Is it Possible to Play Sports in College and Get an Education?
May 11, 2015
Hang on for a minute...we're trying to find some more stories you might like.
Email This Story
As high school students, some of us dream of playing sports in college. However, this dream may come at a price. The National Collegiate Athletic Association is being sued because two collegiate players believe that playing their college sports came at the price of their education.
The NCAA has long had the mission of providing student athletes the opportunity to continue playing the sport they love, while at the same time getting a quality education. They stress the term “student-athlete” to promote the idea that athletes are going to college not just to play a game, but also to learn. Their mission statement, posted all over the NCAA website, states, “Student-athlete succeed on the field, in the classroom and in life.”
However, Devon Ramsay and Rashanda McCants are suing the NCAA because they believe the NCAA is failing in their mission. Ramsay played football in college and McCants played basketball, both at the University of North Carolina. Together, they have filed a lawsuit against the NCAA and the university saying that they were steered towards meaningless classes in order to accommodate their sports schedules.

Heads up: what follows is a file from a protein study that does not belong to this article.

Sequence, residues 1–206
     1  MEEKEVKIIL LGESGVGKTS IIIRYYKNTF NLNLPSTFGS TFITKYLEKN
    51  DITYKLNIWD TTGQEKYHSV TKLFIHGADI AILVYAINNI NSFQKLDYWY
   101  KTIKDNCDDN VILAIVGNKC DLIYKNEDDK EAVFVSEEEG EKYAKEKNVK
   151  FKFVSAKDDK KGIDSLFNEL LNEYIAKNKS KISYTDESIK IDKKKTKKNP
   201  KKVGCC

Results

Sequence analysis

The NCAA is supposed to oversee all of this and ensure that the students are receiving the quality education they desire, but Ramsay and McCants strongly believe that the NCAA isn’t doing their job by ensuring that the universities provide student-athletes with an education, something that is so central to their mission.
This information is alarming to many involved in the sporting world. Catalina Foothills High School senior Corinne Belkoff is going to be competing for Arizona State University’s gymnastics team next year and says, “This lawsuit does make me a little nervous because I’m going to college to get an education, not just to do gymnastics. Hopefully the NCAA will fix their errors to ensure that student-athletes are learning in a supportive environment.”
This sentiment is shared by many, especially potential student-athletes. Class action lawsuits take a while to develop because other athletes could get involved, but for now, this case is seen as one that could determine the future of college education.